The head of the Federal Communications Commission plans to circulate a proposal this week that would preempt state laws in North Carolina and Tennessee, paving the way for the deployment of municipal broadband networks.
FCC Chairman Tom Wheeler has proposed a finding that state laws pose a barrier to broadband investment and competition, justifying their preemption.
The Electric Power Board in Chattanooga, Tennessee, and the City of Wilson, North Carolina, have requested that the FCC preempt state laws, which would enable the power board and city to expand broadband, voice and video services to additional areas.
Wilson, a city in North Carolina that was established in 1849, told the FCC in its petition that it has received requests from government agencies, businesses and others in five counties to deliver services over its fiber-optic network. The city already provides cable television, gigabit Internet access and other services in Wilson County.
A trade association representing AT&T, Verizon and other telecommunications carriers has opposed the petitions, arguing the FCC shouldn’t interfere with state legislatures on the issue.
Some municipal broadband networks have been successful while others have failed.
“With state taxpayers on the financial hook when a municipal broadband network goes under, it is entirely reasonable for state legislatures to be cautious in limiting or even prohibiting that activity,” wrote Anne Veigle, senior vice president of communications with the United States Telecom Association (USTelecom), in an Aug. 29, 2014, blog.
Concerns also have been raised that municipal broadband operations stymie private investment. But Wheeler appears to have rejected that idea, finding municipal operations are deployed only after the private sector has had ample opportunity to invest in an area but failed to meet the needs of a community. Municipal utility groups in Kentucky where state law does not preempt municipal broadband told the FCC last month that they offered broadband to communities before the telephone and cable companies and generally offered services at higher speeds and comparable or lower prices than the private sector.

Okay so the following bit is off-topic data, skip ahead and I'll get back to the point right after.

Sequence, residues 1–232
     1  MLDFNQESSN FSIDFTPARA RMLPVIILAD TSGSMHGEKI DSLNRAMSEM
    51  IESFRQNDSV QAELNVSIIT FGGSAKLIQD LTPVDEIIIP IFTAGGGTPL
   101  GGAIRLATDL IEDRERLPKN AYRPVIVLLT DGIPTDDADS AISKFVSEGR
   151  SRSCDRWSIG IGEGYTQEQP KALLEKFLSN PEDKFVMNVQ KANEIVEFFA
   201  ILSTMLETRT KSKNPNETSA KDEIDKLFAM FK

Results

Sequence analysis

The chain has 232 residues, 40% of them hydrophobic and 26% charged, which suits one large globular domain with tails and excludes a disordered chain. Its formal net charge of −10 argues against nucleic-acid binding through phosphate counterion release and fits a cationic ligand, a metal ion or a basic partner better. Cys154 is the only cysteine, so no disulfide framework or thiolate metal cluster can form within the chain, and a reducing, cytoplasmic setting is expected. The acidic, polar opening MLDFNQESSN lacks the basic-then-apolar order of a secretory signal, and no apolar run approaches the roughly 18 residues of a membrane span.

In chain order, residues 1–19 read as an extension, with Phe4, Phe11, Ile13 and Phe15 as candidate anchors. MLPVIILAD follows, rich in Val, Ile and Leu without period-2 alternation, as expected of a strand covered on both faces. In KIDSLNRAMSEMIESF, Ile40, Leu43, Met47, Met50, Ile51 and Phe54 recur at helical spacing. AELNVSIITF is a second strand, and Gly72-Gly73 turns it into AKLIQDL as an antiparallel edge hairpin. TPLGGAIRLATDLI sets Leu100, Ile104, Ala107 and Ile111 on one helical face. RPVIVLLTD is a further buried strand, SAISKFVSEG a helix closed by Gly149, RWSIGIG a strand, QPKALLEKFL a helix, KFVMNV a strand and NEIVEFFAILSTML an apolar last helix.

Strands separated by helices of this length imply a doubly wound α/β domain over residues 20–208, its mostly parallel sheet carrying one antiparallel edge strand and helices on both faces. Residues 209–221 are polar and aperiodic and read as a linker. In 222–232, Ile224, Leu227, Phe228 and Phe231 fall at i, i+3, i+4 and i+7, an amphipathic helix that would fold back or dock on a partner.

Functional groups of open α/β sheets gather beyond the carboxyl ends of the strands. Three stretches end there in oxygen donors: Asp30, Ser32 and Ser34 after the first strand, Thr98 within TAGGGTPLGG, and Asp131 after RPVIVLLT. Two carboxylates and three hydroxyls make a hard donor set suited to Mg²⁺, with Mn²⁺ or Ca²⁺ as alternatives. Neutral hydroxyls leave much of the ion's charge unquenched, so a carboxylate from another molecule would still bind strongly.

“When the private sector does not create a competitive market, local governments, on behalf of their residents, should have the option to explore and potentially develop a broadband system that will create a competitive marketplace – either directly or by encouraging a private sector investor,” said Mayor Gary Resnick, chair of the Intergovernmental Advisory Committee, in an FCC filing today.
The committee provides guidance to the FCC on issues of importance to local, tribal and state governments.
Last month, the Obama administration urged the FCC to remove barriers preventing local communities from offering broadband services. The letter from National Telecommunications and Information Administration (NTIA) administrator Laurence Strickling may have resonated with Wheeler and his two Democratic colleagues.
“We know that local government entities, working with community stakeholders such as businesses, community organizations and schools, are very effective catalysts for defining local broadband needs, identifying local financial and other resources, garnering public support for investment, and convening private and public partners to develop solutions,” Strickling wrote.
Wheeler has proposed largely granting the petitions based on the FCC’s authority under Section 706 of the Telecommunications Act of 1996. The provision of federal law grants the FCC authority to take steps to accelerate the deployment of broadband services by removing barriers to investment in infrastructure.
A Tennessee law that bars the Electric Power Board of Chattanooga from offering Internet and video programming services outside its electric service territory “is precisely the type of legal barrier that Congress directed the Commission to sweep away in Section 706 of the Telecommunications Act of 1996,” lawyers for the board wrote in an FCC petition.
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